Rose On The River Recap Day 4

Bass Nerds Marc Najjar and Jody Miller head out to the inaugural festival for Bass Magazine

Rose On The River Recap Day 4

Bass Nerds Marc Najjar and Jody Miller head out to the inaugural festival for Bass Magazine

On the final day of the inaugural Rose On The River Fest in Chicago, the continued theme of monster bassists was met with resounding excitement from fans. From legacy acts to rising stars, a sold-out day 4 was packed with enthusiasm as rainy conditions didn’t seem to slow down the excitement.

Giacomo Turra

With unexpected rain, fans were cheerful and eager to welcome Italian multi-instrumentalist Giacomo Turra (with his band, The Funky Minutes). The band kicked offwith ‘Galactic Funk’ – a cover of Japanese jazz-funk legends Casiopea (much to the delight of many members of the audience such as myself). Giacomo is known for his abilities as a multi-instrumentalist, and seeing him and the band effortlessly move from instrument to instrument set up the day beautifully for what became a sort of theme for the day. The rain did not stop the party, as those in attendance were beaming from the first note onto the end of the day (especially us bassists, as a bass-heavy medley of covers got us fired up with bassist Francesco Dallago tearing it up – ‘What Is Hip’, ‘Hysteria’, ‘Teen Town’….COME ON!)

Francesco Dallago of Giacomo Turra & The Funky Minutes

Hitting the stage after a slight delay was Karl Denson’s Tiny Universe. It’s been over 20 years since I last saw KDTU perform (at the first two Bonnaroo Music Festivals, humble brag!) and I was beaming in the same way as I was back then. The multi-instrumentalist directed the 6-piece band through a powerful soundscape, anchored by NYC-based bassist Parker McAllister. With Karl’s history as a jam pioneer as well as first-call wind player (with gigs such as The Rolling Stones), having Parker lay down such a massive, impactful, and flawless foundation is critical. I don’t think there was a still body in the entire fairgrounds!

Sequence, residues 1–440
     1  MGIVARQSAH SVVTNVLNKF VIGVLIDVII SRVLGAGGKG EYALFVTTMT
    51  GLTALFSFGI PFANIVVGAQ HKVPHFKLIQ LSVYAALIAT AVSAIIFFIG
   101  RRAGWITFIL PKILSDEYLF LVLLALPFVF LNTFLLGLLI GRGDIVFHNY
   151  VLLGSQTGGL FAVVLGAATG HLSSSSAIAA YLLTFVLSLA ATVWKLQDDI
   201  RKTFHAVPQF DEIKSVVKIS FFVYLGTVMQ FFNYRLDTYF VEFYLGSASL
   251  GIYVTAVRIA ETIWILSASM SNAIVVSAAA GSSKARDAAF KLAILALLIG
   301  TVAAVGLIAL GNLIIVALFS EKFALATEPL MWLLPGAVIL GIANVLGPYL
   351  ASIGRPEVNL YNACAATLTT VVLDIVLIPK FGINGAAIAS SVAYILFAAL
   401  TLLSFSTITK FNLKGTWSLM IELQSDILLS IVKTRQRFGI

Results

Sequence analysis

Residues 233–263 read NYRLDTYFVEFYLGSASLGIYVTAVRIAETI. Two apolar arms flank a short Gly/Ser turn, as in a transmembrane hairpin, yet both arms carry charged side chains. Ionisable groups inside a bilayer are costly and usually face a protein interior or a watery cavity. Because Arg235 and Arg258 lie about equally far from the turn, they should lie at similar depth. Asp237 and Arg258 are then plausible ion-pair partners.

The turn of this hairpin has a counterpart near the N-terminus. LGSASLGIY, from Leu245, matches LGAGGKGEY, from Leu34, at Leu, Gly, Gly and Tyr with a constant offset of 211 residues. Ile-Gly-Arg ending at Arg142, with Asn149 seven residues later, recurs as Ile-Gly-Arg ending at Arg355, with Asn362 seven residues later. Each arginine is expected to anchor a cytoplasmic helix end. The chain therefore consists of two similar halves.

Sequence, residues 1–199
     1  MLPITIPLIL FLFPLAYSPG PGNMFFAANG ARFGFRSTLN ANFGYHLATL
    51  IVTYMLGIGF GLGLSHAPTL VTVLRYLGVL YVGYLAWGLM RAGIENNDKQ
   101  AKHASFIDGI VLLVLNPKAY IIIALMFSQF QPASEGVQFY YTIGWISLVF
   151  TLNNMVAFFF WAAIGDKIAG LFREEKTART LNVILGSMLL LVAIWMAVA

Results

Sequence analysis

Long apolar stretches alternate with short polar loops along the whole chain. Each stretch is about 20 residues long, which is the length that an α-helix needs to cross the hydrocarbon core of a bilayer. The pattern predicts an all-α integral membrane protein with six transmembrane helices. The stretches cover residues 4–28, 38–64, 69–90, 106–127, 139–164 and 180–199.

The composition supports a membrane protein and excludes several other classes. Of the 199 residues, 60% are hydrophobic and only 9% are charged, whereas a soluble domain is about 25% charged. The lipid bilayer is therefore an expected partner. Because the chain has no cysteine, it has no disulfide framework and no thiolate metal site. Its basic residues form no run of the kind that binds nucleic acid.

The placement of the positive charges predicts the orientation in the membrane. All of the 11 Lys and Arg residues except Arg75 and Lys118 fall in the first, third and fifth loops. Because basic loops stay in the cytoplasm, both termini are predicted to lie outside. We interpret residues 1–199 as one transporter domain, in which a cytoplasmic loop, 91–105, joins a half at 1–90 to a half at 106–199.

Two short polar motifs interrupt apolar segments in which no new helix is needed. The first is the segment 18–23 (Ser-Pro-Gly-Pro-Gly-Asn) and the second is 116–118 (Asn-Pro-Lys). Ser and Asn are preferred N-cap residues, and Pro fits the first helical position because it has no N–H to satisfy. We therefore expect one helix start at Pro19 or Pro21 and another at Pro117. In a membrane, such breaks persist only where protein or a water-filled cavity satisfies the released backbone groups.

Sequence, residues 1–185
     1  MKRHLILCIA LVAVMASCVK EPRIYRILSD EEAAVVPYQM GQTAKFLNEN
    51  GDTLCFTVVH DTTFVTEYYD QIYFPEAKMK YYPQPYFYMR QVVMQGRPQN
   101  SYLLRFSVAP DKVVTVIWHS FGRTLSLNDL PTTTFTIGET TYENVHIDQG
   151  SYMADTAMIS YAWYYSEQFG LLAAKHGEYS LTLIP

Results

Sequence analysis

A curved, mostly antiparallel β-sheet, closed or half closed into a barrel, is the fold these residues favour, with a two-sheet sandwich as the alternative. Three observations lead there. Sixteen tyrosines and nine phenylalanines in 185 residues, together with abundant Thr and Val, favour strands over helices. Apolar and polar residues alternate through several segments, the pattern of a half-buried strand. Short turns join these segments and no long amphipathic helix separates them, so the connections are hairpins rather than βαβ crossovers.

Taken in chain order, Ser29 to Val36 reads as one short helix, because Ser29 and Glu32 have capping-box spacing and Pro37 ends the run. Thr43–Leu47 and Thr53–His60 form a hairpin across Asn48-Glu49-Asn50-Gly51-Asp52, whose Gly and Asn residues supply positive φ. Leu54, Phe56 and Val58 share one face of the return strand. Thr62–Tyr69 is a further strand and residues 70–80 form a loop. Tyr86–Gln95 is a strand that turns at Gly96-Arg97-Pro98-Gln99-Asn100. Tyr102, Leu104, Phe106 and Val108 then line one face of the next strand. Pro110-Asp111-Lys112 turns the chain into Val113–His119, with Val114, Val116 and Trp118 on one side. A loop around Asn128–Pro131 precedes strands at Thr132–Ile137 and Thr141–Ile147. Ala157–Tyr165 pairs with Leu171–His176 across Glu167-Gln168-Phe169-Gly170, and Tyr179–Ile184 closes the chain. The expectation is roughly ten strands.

Parker McAllister of Karl Denson’s Tiny Universe

Up next, we were treated with a Celebration Of The Meters – with Dumpstaphunk at the foundation, the tone was set by the New Orleans funk legends with Tony Hall beginning the set on bass for the first few songs, only then to move to guitar and to be joined by Meters founding members, the incomparable George Porter Jr on bass and Leo Nocentelli on guitar. With Ivan Neville tearing up the keys (and sharing in the Meters’ bloodline), they rounded out the set with the classic Meters tunes that have inspired us for generations. 

George Porter Jr
Tony Hall of Dumpstaphunk

Closing out such a bass-centric festival with Vulfpeck seemed as if the promotors were bass players themselves, as it capped off4-days of low-end-leaders with a band who has gifted the world with ‘Dean Town’ – a 4 minute sing-along bass solo (seriously…5000 people singing along to a bass solo note-for-note is truly a sight to see, and having the entire festival close with this song is evidence to support my above claims). Vulfpeck is known for playing musical chairs with ease, and are experts at proving that music majors are cool. Not one note was missed by the crowd, and with Joe Dart‘s masterful bass-playing, the 4-days of low-end delight will be cherished by those who were fortunate to attend for many years to come. 

Joe Dart